March 2, 2010 Posted by | peer pressure | , , , , , , , , | 6 Comments

MIA, that’s me

Sorry I’ve been absent this week. I did, however, blog here, so if you’re missing your fix, hop over and have a read.

February 13, 2009 Posted by | Mid-Century Modern Moms, my kids, peer pressure | Leave a comment

One of the first parenting challenges

troubletagNaming the baby.

A reader is panicking because everyone hates the name they’ve chosen for their still-gestating baby. Perhaps because family and friends loathe it so, they don’t share it with us. The columnist weighs in with a measured — and entertaining — response, just full of quotable lines.

I rather liked this: “If five people tell you you’re drunk, maybe you should lie down.”

My friend Cindy was partial to this: “When it comes to parenting, opinions are like stinking, steaming, full diapers: There’s no shortage of them, and no one wants to change them.”

Go, read the article. Which line made you give an appreciative snort?

And what do you think about the wisdom of giving your baby “a challenging and unusual” name? Is your creativity empowering your child with a name that will never be forgotten, or dooming him/her to a lifetime of humiliation and inconvenience?

January 12, 2009 Posted by | controversy, individuality, parenting, peer pressure, pregnancy and delivery | , , , , , , , | 18 Comments

the good, the bad, and the embattled

hopeIf you’ve noticed I’m a bit distracted these days (and how could you possibly have missed my frequent whinging about how tiiiired I am??) it’s all because of this.

Update: Her big brother realized that what a beleaguered girl might welcome in the middle of a long day would be a break, so he popped down to the school at lunch today to take her out. (Isn’t he great?) Lunch went well, and, so he reports, did her morning. Relatively speaking, at any rate, but at this point, we’ll take what we can get.

It’s not perfect yet, but things seem to be looking up. Thank goodness. Because those prehistoric ostriches? They were seriously eerie.

December 5, 2008 Posted by | aggression, my kids, peer pressure, the dark side | , , , , , , , , , , | 5 Comments

Helping out

We have a new baby!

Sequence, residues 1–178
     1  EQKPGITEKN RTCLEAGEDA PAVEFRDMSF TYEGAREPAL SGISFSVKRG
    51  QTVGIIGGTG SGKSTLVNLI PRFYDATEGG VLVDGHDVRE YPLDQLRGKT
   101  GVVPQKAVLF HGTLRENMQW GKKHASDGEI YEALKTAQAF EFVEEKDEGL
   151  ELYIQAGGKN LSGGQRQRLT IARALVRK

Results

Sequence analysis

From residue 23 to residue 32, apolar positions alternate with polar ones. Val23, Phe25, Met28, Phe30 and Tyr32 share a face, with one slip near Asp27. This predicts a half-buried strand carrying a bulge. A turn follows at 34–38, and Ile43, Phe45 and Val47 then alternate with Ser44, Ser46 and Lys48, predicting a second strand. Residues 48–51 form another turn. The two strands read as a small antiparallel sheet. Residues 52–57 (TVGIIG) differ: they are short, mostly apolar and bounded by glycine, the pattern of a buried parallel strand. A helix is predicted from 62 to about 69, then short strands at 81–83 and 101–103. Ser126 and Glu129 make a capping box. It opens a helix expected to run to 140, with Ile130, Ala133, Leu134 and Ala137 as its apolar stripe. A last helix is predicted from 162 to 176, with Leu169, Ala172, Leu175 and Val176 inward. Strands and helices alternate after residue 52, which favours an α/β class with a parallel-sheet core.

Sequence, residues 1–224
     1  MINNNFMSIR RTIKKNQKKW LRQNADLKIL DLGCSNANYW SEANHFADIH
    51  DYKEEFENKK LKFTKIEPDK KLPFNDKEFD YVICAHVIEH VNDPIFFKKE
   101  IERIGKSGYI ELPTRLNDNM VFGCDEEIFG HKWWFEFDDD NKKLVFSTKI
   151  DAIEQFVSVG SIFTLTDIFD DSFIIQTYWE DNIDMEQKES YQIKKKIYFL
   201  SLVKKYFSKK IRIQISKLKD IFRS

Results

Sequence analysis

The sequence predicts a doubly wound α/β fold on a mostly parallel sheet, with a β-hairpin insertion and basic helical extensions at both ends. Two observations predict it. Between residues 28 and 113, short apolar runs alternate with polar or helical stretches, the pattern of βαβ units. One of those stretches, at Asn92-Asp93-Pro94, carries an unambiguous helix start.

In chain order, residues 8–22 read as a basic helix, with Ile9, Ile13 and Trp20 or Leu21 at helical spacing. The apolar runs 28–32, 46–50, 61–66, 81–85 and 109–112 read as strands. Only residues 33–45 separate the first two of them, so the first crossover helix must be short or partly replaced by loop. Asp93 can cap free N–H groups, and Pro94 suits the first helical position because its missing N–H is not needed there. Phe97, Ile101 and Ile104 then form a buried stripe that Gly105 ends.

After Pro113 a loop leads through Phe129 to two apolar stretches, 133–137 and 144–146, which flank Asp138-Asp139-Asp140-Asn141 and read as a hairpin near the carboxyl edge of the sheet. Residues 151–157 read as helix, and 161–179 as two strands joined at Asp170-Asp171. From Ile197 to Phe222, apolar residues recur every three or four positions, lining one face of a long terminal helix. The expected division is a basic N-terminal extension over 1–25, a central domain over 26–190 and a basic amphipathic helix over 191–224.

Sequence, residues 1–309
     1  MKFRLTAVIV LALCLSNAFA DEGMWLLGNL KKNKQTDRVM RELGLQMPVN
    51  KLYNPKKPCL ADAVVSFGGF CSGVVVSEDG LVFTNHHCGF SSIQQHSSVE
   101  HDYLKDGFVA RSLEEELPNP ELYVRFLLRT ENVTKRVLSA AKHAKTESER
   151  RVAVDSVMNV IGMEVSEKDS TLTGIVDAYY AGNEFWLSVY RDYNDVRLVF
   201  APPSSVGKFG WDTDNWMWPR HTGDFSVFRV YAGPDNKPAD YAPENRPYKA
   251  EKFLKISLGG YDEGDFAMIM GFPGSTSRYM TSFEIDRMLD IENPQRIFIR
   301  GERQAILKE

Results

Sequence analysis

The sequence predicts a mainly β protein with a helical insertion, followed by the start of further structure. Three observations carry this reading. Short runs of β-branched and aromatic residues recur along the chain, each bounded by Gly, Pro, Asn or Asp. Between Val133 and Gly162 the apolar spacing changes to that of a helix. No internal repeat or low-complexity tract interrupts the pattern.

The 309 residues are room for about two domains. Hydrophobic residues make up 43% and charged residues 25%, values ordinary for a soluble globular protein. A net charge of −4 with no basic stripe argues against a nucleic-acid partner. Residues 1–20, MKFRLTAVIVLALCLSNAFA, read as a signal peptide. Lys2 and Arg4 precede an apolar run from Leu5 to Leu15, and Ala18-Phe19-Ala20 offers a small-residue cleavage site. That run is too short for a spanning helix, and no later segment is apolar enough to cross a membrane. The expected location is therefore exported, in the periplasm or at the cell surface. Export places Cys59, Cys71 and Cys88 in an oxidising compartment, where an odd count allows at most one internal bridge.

Baby Tyler joined the ranks last week, and did very, very well. He crawls almost as fast as Noah walks, and will, when he’s solidly upright, be very … solid. I foresee many collisions, with Noah on the bottom.

In the meantime, Baby Noah (on the right) is enjoying having another kid who likes to do the same things he does. Like throw things off high chair trays for the dog, and spin the wheels on the cars and trucks, and make really slurpy spit noises. Like watch the garbage truck.

And the BEST place to watch the garbage truck when you’re under three feet tall, as Noah has long since discovered, is here at the front door.

“See, little buddy? The garbage truck is RIGHT THERE!”

Some days it’s nice to be the “big kid”.

noahtyler

November 10, 2008 Posted by | daycare, peer pressure, socializing, the cuteness! | , , | 6 Comments

Judging Parents

Here we have a video clip. Title: Parenting FAIL. Which kind of says it all right there.

(The clip is from YouTube; the commenters I mention are on the Failblog site.)

Updated to add: The event in the video is sudden, unexpected, and, though inadvertant, shockingly violent. If you have a tender heart, you may opt to skip it.

Most of the commenters (who appear to have a mental age of 14 or 15 — with apologies to my very sensible and decently sensitive 15-year-old), are completely oblivious to the fact that this involved Real Human Beings, one of them a baby, and are either titillated (nasty children that they are) or just exchanging irrelevant nonsense amongst themselves (inane but harmless). A few of them, however, come out with the Judgements: